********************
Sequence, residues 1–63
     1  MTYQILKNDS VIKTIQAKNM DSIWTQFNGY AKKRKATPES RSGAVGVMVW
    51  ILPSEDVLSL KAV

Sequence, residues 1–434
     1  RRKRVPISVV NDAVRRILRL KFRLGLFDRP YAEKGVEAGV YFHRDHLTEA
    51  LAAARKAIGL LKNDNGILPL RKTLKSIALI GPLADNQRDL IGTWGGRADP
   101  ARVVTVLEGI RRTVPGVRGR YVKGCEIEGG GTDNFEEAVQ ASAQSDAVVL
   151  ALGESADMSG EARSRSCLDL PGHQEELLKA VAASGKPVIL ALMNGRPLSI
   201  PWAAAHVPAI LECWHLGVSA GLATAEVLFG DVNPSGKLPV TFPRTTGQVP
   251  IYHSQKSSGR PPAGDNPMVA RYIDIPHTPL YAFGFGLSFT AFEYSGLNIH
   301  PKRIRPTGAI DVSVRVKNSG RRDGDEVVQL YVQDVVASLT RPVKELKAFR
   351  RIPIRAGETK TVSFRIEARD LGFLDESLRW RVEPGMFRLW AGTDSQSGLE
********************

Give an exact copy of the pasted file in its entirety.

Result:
Sequence, residues 1–63
     1  MTYQILKNDS VIKTIQAKNM DSIWTQFNGY AKKRKATPES RSGAVGVMVW
    51  ILPSEDVLSL KAV

Sequence, residues 1–434
     1  RRKRVPISVV NDAVRRILRL KFRLGLFDRP YAEKGVEAGV YFHRDHLTEA
    51  LAAARKAIGL LKNDNGILPL RKTLKSIALI GPLADNQRDL IGTWGGRADP
   101  ARVVTVLEGI RRTVPGVRGR YVKGCEIEGG GTDNFEEAVQ ASAQSDAVVL
   151  ALGESADMSG EARSRSCLDL PGHQEELLKA VAASGKPVIL ALMNGRPLSI
   201  PWAAAHVPAI LECWHLGVSA GLATAEVLFG DVNPSGKLPV TFPRTTGQVP
   251  IYHSQKSSGR PPAGDNPMVA RYIDIPHTPL YAFGFGLSFT AFEYSGLNIH
   301  PKRIRPTGAI DVSVRVKNSG RRDGDEVVQL YVQDVVASLT RPVKELKAFR
   351  RIPIRAGETK TVSFRIEARD LGFLDESLRW RVEPGMFRLW AGTDSQSGLE